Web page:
Limited Testing for Children Creates a Covid ‘Blind Spot’

Many places forgot about children while building up testing capacity. Now, as schools reopen, many parents can’t find a test nearby.


By Sarah Kliff and Margot Sanger-Katz

When Audrey Blute’s almost 2-year-old son, George, had a runny nose in July, she wanted to do what she felt was responsible: get him tested for coronavirus.

It wasn’t easy.

Ms. Blute, 34, planned to walk to one of Washington, D.C.’s free testing sites — until she learned they do not test children younger than 6. She called her pediatrician’s office, which also declined to test George.

As child care centers and schools reopen, parents are encountering another coronavirus testing bottleneck: Few sites will test children. Even in large cities with dozens of test sites, parents are driving long distances and calling multiple centers to track down one accepting children.

The age policies at testing sites reflect a range of concerns, including differences in health insurance, medical privacy rules, holes in test approval, and fears of squirmy or shrieking children.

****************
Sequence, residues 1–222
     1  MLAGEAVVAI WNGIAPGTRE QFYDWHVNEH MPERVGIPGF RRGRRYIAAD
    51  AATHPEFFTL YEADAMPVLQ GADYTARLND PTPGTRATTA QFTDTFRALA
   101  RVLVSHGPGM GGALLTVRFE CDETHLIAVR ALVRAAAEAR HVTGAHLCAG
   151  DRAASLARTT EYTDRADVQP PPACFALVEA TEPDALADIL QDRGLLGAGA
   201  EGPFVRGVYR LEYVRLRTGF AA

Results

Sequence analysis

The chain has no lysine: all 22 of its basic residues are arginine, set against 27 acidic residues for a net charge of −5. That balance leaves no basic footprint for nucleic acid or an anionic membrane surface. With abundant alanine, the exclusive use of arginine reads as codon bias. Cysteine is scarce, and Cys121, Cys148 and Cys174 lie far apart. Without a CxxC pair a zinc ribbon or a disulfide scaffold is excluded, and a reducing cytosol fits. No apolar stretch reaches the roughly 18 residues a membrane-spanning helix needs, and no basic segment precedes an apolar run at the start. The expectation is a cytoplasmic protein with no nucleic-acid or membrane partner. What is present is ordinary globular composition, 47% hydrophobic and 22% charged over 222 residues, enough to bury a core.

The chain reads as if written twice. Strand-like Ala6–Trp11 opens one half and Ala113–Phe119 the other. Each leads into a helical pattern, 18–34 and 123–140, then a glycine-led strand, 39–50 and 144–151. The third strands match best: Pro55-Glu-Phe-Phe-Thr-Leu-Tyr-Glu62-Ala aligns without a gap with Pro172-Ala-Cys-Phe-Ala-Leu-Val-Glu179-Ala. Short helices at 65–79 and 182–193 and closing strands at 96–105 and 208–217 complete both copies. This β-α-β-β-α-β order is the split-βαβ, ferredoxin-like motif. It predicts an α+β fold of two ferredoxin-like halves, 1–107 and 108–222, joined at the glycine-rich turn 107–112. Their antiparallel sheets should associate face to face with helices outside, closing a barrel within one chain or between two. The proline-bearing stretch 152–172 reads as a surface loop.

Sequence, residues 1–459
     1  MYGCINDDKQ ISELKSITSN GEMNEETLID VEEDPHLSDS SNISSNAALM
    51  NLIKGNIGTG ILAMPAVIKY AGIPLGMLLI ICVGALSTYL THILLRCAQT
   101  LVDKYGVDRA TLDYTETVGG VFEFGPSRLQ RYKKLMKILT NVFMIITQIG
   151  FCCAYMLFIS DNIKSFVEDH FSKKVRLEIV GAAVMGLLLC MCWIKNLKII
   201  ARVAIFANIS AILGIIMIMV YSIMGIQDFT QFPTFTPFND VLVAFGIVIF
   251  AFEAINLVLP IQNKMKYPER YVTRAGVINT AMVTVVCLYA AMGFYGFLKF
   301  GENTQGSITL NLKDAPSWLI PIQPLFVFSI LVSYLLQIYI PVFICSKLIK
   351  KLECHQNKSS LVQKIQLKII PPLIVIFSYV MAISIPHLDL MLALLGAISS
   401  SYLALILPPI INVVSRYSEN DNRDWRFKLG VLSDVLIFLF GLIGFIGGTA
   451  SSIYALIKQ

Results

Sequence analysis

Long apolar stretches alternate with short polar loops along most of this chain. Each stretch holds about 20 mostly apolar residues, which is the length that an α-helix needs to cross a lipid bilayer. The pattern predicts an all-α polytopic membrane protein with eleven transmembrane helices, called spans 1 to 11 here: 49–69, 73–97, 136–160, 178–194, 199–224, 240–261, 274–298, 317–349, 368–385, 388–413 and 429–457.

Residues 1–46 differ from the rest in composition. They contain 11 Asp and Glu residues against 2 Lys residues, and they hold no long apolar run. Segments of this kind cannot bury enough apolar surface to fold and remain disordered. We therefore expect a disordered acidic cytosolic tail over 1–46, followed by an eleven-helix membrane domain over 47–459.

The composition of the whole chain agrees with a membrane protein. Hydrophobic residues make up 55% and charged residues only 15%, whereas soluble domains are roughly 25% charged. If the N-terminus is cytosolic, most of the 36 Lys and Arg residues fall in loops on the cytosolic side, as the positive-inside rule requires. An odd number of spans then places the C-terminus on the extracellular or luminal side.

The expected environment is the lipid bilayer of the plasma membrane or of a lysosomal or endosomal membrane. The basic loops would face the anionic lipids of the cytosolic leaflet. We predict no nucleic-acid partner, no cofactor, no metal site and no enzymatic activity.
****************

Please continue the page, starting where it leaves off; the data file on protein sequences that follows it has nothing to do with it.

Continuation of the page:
The limited testing hampers schools’ ability to quickly isolate and trace coronavirus cases among students. It could also create a new burden on working parents, with some schools and child care centers requiring symptomatic children to test negative for coronavirus before rejoining class.

“There is no good reason not to do it in kids,” said Sean O’Leary, a Colorado pediatrician who sits on the American Academy of Pediatrics’ committee on infectious diseases. “It’s a matter of people not being comfortable with doing it.”

Many testing sites, including those run by cities and states, do not test any children, or they set age minimums that exclude young children. The age limits vary widely from place to place. Los Angeles offers public testing without any age minimum, while San Francisco, which initially saw only adults, recently began offering tests to children 13 and older. Dallas sets a cutoff at 5 years old.

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